InterVarsity Press is the publisher of my forthcoming book. Long before I became an InterVarsity Press author, I was and am a devoted InterVarsity Press (IVP) reader. I don’t get to read all of the books that I want, but most of the time I am reading books that are written or influenced by InterVarsity Press authors. I find that IVP books are thoughtful, timely, highly theological, and engaging. This book delivered on that standard of consistency and excellence.
Today’s culture is bombarded with noise, messages, and information. Sometimes it is easier to tune out when we really should be dialing in. At other times, we may feel so overwhelmed or powerless by the messages that we receive that we opt to do nothing. Regardless of whether or not we find ourselves actively watching, listening to, and engaging the constant stream of information available on our televisions or electronic devices, we need books like this one.
We need a book to remind us of who we are and why we speak up even when it is hard and when we are afraid.
In recent months, diverse groups of Christian leaders have spoken up against injustices against people of color and other oppressed people within our society.
Beth Moore shared an open letter about the importance of women leaders and the misogyny and racism within American Evangelicalism. Russell Moore, president of the Ethics & Religious Liberty Commission, also joined the great cloud of witnesses by taking a stand against President Donald Trump’s incitement of racism and his unjust, unethical, and immoral practices in his personal, public, and political life. When Beth Moore speaks, her posts go viral. When Russell Moore speaks, he gets featured on CNN. While I deeply appreciate when sisters and brothers like these use their platforms to influence and speak as the Holy Spirit pricks their hearts, I want us to also ask why the voices of the people of color who have been fighting the good fight and speaking against these same injustices for years, some for decades, go unheard?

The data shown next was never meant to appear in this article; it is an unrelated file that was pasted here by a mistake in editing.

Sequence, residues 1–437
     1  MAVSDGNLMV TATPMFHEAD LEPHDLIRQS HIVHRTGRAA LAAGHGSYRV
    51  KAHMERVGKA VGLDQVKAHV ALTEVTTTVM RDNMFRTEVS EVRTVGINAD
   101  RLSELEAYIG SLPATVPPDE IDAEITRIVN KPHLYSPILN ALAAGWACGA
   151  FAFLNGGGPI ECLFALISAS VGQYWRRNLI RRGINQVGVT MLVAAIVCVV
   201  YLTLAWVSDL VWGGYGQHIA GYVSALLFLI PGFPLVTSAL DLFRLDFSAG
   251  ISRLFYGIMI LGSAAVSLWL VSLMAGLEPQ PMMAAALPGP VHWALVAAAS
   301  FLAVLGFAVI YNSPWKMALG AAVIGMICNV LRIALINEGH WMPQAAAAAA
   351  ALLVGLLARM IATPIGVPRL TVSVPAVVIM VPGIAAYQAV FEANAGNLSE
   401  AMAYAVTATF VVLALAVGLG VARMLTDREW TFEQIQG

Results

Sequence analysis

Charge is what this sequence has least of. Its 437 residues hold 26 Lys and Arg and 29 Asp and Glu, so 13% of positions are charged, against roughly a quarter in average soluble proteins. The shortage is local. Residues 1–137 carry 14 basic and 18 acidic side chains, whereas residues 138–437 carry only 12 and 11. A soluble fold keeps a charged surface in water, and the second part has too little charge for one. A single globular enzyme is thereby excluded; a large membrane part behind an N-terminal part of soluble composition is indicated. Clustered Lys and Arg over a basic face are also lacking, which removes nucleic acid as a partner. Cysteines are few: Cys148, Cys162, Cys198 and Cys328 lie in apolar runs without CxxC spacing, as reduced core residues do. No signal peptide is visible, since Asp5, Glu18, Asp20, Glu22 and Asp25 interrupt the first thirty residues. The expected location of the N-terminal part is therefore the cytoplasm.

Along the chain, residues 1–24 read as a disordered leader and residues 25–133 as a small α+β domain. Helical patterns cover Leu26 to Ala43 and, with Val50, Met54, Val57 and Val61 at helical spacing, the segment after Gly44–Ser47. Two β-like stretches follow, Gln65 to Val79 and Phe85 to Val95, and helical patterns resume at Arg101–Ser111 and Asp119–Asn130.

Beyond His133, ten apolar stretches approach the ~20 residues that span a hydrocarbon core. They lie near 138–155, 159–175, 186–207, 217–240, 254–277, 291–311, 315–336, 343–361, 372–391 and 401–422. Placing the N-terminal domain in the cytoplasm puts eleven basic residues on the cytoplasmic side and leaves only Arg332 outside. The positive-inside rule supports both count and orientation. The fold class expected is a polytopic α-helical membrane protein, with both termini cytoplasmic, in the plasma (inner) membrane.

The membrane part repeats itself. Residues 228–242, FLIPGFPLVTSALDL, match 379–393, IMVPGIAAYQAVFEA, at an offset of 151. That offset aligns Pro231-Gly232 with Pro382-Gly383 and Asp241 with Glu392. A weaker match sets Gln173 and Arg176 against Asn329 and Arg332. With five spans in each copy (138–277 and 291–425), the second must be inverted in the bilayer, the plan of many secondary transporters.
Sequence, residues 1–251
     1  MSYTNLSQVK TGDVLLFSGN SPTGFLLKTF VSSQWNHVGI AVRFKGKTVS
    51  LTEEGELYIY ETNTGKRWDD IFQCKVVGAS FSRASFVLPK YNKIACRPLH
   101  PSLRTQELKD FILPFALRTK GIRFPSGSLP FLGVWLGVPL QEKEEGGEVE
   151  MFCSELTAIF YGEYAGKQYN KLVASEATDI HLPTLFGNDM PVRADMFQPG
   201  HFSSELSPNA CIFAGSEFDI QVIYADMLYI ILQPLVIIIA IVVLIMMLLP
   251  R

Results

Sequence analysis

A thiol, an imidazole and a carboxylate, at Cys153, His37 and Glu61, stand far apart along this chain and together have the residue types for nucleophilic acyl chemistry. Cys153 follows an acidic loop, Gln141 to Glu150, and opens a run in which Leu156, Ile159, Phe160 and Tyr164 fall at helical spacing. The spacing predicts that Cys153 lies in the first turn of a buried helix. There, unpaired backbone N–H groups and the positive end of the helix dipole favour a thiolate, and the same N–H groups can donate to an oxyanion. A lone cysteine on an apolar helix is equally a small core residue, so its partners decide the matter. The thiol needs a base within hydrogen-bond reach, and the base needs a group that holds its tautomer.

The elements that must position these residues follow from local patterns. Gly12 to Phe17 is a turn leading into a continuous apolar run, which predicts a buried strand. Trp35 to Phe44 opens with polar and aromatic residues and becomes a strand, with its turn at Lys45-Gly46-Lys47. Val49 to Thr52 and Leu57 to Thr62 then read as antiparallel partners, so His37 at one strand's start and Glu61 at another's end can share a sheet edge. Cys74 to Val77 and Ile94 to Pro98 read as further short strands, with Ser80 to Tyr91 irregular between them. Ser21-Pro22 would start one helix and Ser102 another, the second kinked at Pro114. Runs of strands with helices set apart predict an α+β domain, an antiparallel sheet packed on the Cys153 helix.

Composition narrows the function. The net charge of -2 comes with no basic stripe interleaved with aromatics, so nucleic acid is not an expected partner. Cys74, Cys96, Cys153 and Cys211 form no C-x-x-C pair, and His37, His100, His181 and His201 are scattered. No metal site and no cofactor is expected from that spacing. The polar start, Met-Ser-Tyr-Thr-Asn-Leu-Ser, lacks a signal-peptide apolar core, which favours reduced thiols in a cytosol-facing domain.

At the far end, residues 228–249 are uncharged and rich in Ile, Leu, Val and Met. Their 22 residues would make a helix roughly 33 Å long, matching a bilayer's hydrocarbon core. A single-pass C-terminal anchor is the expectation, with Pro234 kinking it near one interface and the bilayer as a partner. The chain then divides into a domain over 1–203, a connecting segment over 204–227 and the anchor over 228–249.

White allies and sisters and brothers must acknowledge that when things are bad for White women in society and in the church, they are far worse for women of color. Allies, in their confessions and laments, must also use their platforms as an opportunity to elevate, sponsor, and share space with people of color who have been consistent in their witness and faithful in their work and convictions for years. Whenever the words “race” or “reconciliation” are mentioned within the Christian framework, I need the names and contributions of those like the Rev. Dr. Brenda Salter McNeil, professor Drew G.I. Hart, Edward Gilbreath, LaTasha Morrison, and the Rev. Efrem Smith elevated.
Since I write book reviews, I normally receive new releases from publishing houses. I don’t get to read all of them, but I normally prioritize the ones that are directly linked to my ministry focus areas, or I select the resources that provide a fresh perspective. In this day, I also find it particularly important to intentionally read Christian books that are written by leaders are who people of color.
I care about discipleship, and this NavPress book was written by a person of color, who is well read, trained, and experienced in pastoral ministry. That is how this resource worked its way to the top of my reading pile.